But for me personally to say that I have a big achievement that I’m really proud of, I would like to first see Social Bite to be financially successful and in a stronger position generally. I would like to see Social Bite as more of a polished model that we could that we could give to somebody else in another country. Once I have that that would be my proud moment.  

What women inspire you?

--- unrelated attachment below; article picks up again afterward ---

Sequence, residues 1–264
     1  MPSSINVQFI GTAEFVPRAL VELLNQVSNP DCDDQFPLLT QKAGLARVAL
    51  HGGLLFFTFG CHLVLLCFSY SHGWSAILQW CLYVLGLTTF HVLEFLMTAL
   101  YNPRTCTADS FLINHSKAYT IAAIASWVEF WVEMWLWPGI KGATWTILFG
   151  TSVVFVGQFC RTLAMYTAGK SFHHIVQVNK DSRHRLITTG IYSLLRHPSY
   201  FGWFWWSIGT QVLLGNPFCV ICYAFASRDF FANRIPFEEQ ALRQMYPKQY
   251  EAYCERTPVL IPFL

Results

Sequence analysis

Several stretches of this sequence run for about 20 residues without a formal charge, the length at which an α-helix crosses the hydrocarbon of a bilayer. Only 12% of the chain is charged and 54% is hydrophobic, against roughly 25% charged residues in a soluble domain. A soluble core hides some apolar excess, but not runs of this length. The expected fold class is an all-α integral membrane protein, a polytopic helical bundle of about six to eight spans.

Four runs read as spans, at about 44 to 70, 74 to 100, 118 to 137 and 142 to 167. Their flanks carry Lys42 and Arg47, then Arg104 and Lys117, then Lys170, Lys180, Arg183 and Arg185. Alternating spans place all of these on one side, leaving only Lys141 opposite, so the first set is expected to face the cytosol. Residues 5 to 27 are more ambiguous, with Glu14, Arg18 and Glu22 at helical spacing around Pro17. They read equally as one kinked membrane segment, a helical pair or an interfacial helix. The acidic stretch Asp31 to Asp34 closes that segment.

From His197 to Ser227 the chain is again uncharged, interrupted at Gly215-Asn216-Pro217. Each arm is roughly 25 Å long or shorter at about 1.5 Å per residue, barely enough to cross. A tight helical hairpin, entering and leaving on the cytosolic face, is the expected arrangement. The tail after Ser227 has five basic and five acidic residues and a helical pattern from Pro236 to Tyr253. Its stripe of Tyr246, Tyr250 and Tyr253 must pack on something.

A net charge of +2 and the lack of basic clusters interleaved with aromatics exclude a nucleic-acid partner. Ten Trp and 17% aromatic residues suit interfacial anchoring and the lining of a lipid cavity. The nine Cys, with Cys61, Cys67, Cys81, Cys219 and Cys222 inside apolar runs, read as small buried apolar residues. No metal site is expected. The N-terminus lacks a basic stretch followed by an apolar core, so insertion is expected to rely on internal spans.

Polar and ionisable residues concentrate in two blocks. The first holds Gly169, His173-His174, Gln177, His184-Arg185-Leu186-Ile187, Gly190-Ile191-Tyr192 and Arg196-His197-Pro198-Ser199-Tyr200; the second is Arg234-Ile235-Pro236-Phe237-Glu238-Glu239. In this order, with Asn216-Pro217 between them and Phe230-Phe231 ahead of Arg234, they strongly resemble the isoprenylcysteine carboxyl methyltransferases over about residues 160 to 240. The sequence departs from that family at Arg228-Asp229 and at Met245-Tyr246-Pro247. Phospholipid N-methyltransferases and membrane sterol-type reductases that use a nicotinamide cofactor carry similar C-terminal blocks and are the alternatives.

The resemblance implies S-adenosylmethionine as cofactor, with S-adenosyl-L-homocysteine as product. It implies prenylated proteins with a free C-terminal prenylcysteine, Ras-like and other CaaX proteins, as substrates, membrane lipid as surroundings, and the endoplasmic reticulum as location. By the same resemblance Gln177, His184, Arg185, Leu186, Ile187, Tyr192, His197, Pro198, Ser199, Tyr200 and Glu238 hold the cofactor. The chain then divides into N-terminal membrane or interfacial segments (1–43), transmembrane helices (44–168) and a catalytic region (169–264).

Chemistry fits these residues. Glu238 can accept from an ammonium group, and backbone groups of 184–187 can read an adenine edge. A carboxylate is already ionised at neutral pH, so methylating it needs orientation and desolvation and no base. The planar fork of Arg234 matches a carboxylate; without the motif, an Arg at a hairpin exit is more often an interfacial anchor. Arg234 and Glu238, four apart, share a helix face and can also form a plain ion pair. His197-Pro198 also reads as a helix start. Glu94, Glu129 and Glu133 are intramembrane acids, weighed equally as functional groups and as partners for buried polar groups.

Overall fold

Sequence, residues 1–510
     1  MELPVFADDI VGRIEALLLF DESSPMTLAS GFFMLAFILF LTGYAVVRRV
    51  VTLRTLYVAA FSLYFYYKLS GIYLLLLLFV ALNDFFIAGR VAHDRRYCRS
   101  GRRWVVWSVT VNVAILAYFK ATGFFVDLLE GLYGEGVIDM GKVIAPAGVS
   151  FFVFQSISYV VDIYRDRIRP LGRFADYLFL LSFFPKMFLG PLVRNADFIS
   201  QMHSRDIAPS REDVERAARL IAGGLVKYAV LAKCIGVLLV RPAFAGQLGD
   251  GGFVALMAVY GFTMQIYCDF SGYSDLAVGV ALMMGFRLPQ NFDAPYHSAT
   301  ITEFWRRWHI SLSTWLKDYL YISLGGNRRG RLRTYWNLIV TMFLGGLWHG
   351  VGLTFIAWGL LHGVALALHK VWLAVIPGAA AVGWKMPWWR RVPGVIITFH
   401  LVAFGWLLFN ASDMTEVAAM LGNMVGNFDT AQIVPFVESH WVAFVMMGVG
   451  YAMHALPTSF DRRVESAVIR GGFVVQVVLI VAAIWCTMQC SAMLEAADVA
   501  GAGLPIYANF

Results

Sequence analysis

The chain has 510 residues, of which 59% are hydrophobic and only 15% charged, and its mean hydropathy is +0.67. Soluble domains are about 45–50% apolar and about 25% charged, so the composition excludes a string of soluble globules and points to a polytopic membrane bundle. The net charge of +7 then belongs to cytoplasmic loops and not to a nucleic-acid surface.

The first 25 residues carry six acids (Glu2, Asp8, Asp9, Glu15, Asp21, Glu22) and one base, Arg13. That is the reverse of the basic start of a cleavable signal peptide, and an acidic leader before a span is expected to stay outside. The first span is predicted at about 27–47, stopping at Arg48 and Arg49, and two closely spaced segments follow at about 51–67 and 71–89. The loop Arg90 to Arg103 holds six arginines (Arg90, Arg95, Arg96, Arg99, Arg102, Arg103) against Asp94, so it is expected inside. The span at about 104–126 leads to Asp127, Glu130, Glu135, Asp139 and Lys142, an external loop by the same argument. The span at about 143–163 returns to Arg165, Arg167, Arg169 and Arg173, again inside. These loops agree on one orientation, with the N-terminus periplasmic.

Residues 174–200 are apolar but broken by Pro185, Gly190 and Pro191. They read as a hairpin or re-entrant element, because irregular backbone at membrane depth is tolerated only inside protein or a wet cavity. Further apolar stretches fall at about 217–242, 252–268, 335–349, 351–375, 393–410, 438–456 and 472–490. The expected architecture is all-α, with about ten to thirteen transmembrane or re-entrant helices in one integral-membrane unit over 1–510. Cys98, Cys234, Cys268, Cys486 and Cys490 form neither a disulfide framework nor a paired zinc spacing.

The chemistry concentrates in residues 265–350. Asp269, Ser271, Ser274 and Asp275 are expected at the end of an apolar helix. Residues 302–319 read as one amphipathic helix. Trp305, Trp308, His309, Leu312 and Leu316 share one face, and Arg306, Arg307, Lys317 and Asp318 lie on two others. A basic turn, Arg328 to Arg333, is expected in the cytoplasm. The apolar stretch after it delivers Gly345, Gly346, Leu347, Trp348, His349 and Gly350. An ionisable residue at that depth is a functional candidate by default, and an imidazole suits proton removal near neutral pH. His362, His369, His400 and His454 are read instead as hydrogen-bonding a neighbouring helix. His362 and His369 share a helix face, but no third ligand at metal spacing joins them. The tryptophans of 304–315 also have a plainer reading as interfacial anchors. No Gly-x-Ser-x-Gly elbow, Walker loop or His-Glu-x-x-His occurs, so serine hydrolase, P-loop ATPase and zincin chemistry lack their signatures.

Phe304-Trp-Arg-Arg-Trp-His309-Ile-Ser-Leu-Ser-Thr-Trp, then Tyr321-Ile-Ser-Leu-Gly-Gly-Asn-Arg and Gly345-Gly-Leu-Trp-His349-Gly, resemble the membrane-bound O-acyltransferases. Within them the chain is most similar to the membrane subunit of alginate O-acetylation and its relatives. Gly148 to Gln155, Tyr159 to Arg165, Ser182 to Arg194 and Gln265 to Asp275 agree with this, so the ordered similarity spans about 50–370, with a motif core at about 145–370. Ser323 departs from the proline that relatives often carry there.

My mom… This is really emotional, I’m not normally like this [full disclaimer, both Alice and I ended up teary-eyed during this interview]. She was a mother of 3, and she divorced my dad when I was 2. She didn’t finish university, because she left that environment to become a mother. So she had no skills and no education, and 3 children under the age of 7. She went to college and got her counselling degree and became a counsellor and worked her way up, so she could provide for us. But on top of that, to have a counsellor for mum was the most incredible gift, and if I was struggling with anything, I could talk with her about anything. I don’t think there is anything that is completely off limits for me to talk with my mum about. And she behaves with such a generous way with everybody, even if inside she is really struggling herself, she is always strong for other people. She is my inspiration day to day with anything good that I ever do. In the back of my mind I always think what would my mum do; for example, my mum would probably write a little note and put a little love heart in it, so that’s what I do, because that’s what a good person would do.